Cassadaga DVD review
|REVIEWS - DVD REVIEWS|
A supernatural torture-porn outing that veers wildly in quality but leaves the viewer with some memorable moments...
The latest in the line of direct-to-DVD horror movies from the After Dark stable is a supernatural/torture porn hybrid called Cassadaga.
Having seen a few of their ‘Originals’ (link to previous reviews, Scream Of The Banshee and The Task, I wasn’t expecting much - however this was a little more coherent and even contained some scares. Whether this is down to the fact that it wasn’t made by a newbie (director Anthony DiBlasi previously made the Clive Barker adaptation Dread) I can’t say, but it certainly felt more like a ‘real’ film.
Cassadaga stars Kelen Coleman as Lily, a deaf art teacher who loses her younger sister in a car accident in the early stages of the film. Spurred on by this tragic event Lily decides to enrol in a course at Cassadaga University and finds board at the house of an old lady named Claire whose strange son still lives at home.
After meeting the divorced dad of a girl at the school in which she teaches, Lily tags along when his group of friends decide to visit a spiritualist. Seeing the opportunity for closure over her sister’s death Lily attempts to contact her dead sibling but things don’t quite go to plan – the spirit of a murdered young woman is unleashed. From this point on Lily witnesses many creepy goings on as she is haunted by the spirit.
But why is the spirit haunting Lily? Well that’s because the dead girl was killed in circumstances relating to the old house in which Lily now lives. And could Claire’s weird son be involved somehow? Probably. Thus two often separate genres of horror are brought together creating a slasher/torture porn/supernatural circle.
Beginning with a disgusting introduction seemingly unrelated to our heroine’s story, the film builds suspense and brings the scares using all manner of devices. The use of the two genres means scares can come from many different angles, and so we have frightening hallucinations/visions, suspense as Lily attempts to find some clues and ‘man with weapon’ chase sequences, all of which add up to a decent amount of horror.
The supernatural shocks are pretty standard as Lily sees dead people while tentacles and maggots appear from nowhere but the method of torture that the murderer uses is interesting if quite messed up; think human marionettes. However, apart from one scene, the killer’s reasons are never explained. Yes, it can be more horrifying if you don’t know a killer’s motives but to half-arsedly set up a reason and not expand on it seems like bad editing.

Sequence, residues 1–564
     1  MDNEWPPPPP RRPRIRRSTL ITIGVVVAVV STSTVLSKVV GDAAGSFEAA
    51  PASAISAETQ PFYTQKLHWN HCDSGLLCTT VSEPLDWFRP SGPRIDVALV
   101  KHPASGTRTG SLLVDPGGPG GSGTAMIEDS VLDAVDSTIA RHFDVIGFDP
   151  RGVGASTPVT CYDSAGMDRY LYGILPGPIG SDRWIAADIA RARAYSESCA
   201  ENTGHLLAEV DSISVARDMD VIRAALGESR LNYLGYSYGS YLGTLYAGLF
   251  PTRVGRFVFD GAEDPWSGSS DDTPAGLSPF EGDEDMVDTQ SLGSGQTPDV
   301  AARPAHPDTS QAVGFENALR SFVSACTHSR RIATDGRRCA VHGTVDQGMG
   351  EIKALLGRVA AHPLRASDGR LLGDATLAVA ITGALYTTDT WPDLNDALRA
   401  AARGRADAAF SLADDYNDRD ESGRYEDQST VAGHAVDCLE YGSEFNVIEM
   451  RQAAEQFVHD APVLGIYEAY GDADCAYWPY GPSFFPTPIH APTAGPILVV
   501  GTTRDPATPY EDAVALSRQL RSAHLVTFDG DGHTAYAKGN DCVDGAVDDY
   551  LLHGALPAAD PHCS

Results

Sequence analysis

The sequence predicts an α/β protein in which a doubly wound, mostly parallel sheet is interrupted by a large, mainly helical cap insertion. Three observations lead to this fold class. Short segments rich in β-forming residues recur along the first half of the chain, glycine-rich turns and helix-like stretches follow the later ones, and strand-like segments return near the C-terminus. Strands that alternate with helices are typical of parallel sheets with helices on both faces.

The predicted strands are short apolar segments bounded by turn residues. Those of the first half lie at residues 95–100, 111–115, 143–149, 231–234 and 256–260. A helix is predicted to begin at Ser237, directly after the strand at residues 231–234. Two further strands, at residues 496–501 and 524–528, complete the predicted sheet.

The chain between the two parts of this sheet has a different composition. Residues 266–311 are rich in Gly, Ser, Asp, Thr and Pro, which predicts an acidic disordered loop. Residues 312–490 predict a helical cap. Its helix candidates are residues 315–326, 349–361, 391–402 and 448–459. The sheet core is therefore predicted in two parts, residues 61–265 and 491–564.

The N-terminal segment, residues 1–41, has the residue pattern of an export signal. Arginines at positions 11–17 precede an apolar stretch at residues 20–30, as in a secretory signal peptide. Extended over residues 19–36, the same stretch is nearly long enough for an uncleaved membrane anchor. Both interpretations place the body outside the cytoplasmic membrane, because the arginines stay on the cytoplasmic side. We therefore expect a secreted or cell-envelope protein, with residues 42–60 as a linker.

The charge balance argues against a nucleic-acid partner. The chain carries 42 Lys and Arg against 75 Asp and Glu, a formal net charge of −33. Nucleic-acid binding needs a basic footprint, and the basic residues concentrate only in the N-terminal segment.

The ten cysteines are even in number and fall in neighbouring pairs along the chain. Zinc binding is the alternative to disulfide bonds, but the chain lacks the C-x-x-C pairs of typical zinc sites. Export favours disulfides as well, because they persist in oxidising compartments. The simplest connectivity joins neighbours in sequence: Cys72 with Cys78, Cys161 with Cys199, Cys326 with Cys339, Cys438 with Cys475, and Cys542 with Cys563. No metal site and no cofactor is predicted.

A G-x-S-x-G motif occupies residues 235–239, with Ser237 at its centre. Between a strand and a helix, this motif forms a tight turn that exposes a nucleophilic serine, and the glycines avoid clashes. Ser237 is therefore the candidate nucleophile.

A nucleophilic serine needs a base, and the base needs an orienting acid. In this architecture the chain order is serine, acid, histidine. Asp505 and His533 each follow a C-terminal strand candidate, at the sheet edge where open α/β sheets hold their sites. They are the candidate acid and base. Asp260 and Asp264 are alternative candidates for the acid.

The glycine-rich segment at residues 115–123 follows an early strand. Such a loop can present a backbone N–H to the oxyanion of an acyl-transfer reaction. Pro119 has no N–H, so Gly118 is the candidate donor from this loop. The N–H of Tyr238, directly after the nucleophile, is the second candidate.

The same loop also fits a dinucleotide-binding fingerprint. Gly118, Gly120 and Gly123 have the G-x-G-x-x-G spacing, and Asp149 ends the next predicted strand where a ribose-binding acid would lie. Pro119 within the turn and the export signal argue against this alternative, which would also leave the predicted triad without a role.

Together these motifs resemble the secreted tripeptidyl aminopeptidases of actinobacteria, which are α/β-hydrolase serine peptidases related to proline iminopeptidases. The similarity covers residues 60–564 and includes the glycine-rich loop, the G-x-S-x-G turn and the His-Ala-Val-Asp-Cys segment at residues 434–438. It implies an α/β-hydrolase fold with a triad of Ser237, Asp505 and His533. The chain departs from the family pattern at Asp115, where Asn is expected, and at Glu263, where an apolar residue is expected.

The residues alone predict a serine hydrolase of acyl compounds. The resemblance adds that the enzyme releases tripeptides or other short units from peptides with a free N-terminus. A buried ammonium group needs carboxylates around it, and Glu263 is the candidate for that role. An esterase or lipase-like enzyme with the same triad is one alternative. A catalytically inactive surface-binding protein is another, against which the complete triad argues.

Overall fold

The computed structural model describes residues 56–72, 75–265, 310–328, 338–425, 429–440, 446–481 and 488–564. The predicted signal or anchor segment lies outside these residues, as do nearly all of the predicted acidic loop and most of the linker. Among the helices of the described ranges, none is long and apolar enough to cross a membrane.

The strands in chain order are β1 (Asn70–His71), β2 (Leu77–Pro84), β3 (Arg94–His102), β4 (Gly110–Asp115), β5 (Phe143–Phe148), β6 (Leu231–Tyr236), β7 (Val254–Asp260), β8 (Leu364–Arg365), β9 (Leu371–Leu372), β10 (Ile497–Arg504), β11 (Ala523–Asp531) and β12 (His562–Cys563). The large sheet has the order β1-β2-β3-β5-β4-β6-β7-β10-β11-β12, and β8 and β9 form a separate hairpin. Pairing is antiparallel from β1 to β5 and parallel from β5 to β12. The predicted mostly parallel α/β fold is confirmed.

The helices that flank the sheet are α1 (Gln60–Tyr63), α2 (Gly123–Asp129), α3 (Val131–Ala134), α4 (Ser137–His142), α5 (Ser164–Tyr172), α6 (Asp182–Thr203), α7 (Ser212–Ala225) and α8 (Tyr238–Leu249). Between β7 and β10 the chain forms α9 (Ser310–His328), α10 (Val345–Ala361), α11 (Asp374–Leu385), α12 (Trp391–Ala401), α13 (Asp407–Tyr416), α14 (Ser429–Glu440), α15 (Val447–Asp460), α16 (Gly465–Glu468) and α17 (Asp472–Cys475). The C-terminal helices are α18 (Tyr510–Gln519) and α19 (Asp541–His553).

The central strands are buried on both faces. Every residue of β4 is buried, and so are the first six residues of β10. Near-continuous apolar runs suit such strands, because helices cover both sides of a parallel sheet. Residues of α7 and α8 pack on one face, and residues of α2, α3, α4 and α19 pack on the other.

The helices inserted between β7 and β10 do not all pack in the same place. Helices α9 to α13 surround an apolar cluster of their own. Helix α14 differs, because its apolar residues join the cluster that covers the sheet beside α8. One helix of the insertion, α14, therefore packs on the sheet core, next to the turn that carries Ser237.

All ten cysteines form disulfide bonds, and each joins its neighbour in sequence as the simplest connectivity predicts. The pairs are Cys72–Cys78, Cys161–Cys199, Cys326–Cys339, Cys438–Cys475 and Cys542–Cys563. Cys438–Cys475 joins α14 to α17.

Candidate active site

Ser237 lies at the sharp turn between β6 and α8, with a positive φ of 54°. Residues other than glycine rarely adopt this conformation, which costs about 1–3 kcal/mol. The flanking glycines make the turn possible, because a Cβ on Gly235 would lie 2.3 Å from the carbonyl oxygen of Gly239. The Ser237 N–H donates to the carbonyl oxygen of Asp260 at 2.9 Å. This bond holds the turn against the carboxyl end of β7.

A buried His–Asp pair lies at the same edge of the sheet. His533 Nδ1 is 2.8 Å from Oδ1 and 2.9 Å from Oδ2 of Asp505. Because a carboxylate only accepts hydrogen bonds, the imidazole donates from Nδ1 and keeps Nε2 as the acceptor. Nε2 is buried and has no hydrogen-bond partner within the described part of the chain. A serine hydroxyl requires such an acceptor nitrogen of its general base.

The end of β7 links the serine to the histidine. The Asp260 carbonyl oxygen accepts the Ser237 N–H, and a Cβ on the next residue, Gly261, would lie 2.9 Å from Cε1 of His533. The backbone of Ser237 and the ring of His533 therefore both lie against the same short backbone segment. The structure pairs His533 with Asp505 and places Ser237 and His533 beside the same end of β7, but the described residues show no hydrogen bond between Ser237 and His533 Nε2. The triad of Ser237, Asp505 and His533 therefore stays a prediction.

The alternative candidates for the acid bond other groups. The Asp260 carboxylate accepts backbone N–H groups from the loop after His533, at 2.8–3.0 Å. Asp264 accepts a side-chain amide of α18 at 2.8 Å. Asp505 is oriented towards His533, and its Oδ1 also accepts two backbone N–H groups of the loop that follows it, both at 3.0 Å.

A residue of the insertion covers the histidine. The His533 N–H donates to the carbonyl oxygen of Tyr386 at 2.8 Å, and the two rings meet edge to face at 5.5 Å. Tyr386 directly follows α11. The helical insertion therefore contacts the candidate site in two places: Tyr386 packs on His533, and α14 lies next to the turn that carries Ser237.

Another negative point which seems to be quite common in cheaper horror films, or those made by first time directors looking to impress, is the rushed ending where the crucial final scene takes place one minute before the credits, giving no time to tie up loose ends or even begin to expand on those pointless extra ideas thrown into the pot at the finale. And don’t even get me started on the abysmal coda, which again seems commonplace in modern horror. It just doesn’t make sense! If by the end of a film, despite any shortcomings, the story is wrapped up, why do director’s feel the need to then go back and erase any logic by a) having another dead person turn up, b) pretending it’s a dream inside a dream inside a dream etc (not like Inception) or c) skipping 3 years and having the killer come back? Okay so the last one is a slasher movie trope, but there really is no logic or fun behind the twenty-sixth Friday the 13th movie.
That said, I rather enjoyed Cassadaga. The use of a deaf heroine added tension and gave a new twist to traditional horror scenes, while the ideas behind the killer were quite unique, if not given enough room to breathe. Compared to those films mentioned at the top, this movie stands out as the scariest and though not as simple a set up as that of Husk (apparently the current jewel in After Dark’s crown) it goes top of my list. Here’s hoping we see more of the beautiful Kelen Coleman and a continued increase in quality from this horror stable who have recently announced they are to produce an action film series.
Director: Anthony DiBlasi
DVD Release Date: 16th April 2012
Running Time: 93 mins
Starring: Kelen Coleman, Kevin Alejandro, Louise Fletcher, J Larose
Cassadaga is out now.
IF YOU ENJOYED THIS ARTICLE, PLEASE HELP SUPPORT OUR SITE, AT NO COST WITH ONE CLICK ON THE FACEBOOK 'LIKE' BUTTON BELOW:
If you're interested in writing for Shadowlocked (disc and screening reviews, etc, or just getting some extra coverage for your extraordinary writing talent, get in touch with us.